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Melinda’s Brew: The ABCs of Star Wars (4)

Melinda’s Brew: The ABCs of Star Wars (4)

Yesterday was Star Wars Day at Miller Park in Milwaukee. The Brewers certainly could have used a Jedi both in the field and in the batting order as they faced Arizona’s Diamondbacks. After the first couple of innings, nothing went the Brew Crew’s way. When the ninth inning’s last out was tallied, the Brewers fell to the Diamondbacks, 7-3. No, the Force did not pulse strongly through the stadium – well, at least not for the hometown team – even though Chewbacca, Darth Vader and stormtroopers and clone troopers galore paced the common areas.

Maybe that was it! Maybe there was too much Dark Side energy permeating every corner of the stadium! 😉

Yes, a Jedi would have come in quite handy. I can well imagine the likes of Adi Gallia – the Jedi Master who wields her lightsaber with precision and an unorthodox flair – would be just what the Brewers needed to help them shake this losing streak on which they find themselves. She certainly would have fit right into the Brewers’ lineup since quite a few of the ballplayers employ rather unorthodox stances of their own when they take to the plate. 😉 Adi Gallia is one of three characters from the Star Wars Saga we will examine in this installment of “The ABCs of Star Wars”. [This month, we are tackling G, H and I.] During 2015, I am using my last CWK blog of the month to examine some of the unsung characters of the Saga – those characters our eyes might pick out of the crowd but about whom we know little [if anything at all]. They add to the rich fabric of Star Wars, and deserve a bit of recognition [at least in my opinion 😉 ].

We have a lot of ground to cover this month, so let’s get started!

G … When it comes to the three letters featured in today’s blog, “G” offered the most selections from which to choose. Certainly, an obscure character would have been a good choice [I’ve done exactly that in the past, and I am sure I will in blogs coming down the pike]. However, I wanted to veer in a slightly different direction this time around. Keeping in line with my objective – not to highlight a character about whom we know a great deal – this time I opted to choose a relatively easy-to-identify character, but one who appears in a distant, supporting role. That would be Jedi Master Adi Gallia. She’s a colorful character, and with her incredibly strong connection to the Force, the Corellian native was the natural choice to represent the seventh letter of the Star Wars alphabet. Gallia was instrumental in discovering the Trade Federation’s plan to blockade Naboo. She discovered the Federation was amassing a fleet of droid-control starfighters, got the information to Chancellor Vallorum who, in turn, had the Jedi Council dispatch two of its members to Naboo as ambassadors to solve the escalating problem. [We all know how successful that mission was. 😉 ]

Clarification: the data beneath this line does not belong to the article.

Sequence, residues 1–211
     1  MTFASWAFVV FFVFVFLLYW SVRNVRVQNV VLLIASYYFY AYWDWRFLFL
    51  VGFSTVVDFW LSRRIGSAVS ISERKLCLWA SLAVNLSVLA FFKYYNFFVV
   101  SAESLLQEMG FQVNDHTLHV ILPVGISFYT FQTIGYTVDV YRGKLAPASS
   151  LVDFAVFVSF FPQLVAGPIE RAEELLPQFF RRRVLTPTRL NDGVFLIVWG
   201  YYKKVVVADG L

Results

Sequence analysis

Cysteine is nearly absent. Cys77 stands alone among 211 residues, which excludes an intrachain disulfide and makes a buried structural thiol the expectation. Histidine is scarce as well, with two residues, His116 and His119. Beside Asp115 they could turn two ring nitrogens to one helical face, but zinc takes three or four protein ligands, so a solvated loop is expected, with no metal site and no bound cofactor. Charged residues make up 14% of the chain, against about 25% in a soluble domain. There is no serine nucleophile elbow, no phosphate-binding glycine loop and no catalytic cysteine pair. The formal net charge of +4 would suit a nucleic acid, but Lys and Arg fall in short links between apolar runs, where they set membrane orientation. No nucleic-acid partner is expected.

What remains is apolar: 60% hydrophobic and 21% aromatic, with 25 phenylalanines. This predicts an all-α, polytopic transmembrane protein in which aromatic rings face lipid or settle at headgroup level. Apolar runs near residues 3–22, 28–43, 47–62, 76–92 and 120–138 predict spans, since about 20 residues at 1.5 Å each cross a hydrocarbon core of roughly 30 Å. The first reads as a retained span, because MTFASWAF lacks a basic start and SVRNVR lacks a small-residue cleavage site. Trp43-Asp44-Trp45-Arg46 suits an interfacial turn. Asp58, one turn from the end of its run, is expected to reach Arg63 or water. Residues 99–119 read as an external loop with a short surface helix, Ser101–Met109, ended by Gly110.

When it came to piloting a starfighter, Adi Gallia had few equals, but it was her keen intuition and information-gathering abilities that were her greatest Jedi attributes. The Jedi Council acknowledged what an asset she was, and promoted her to a seat on the Council shortly before the Battle of Naboo. As it became apparent that the Sith were behind the escalating war, Adi Gallia reconfigured her red-bladed lightsaber – removing the red crystal, and replacing it with one that would give her blade a blue hue [the color associated with Jedi Guardians].

Not one to back down from a fight, Jedi Master Adi Gallia employed Form V, or shien – an aggressive, physically demanding style of lightsaber dueling [thus my opinion she would have been an asset to the Brewers’ baseball team 😉 ]. It was a style of dueling that resulted in one victory after another. Sadly, however, that, coupled with her reversed, one-handed grip of her weapon, was not enough to defend her from her last foe.* I imagine her death came as a great blow to the Jedi Order and the Republic. While she wouldn’t back down from a fight, she was devoted to peace, and tirelessly worked toward that goal. She was a great role-model – especially to her padawan Siri Tachi – and a great person to call “friend”.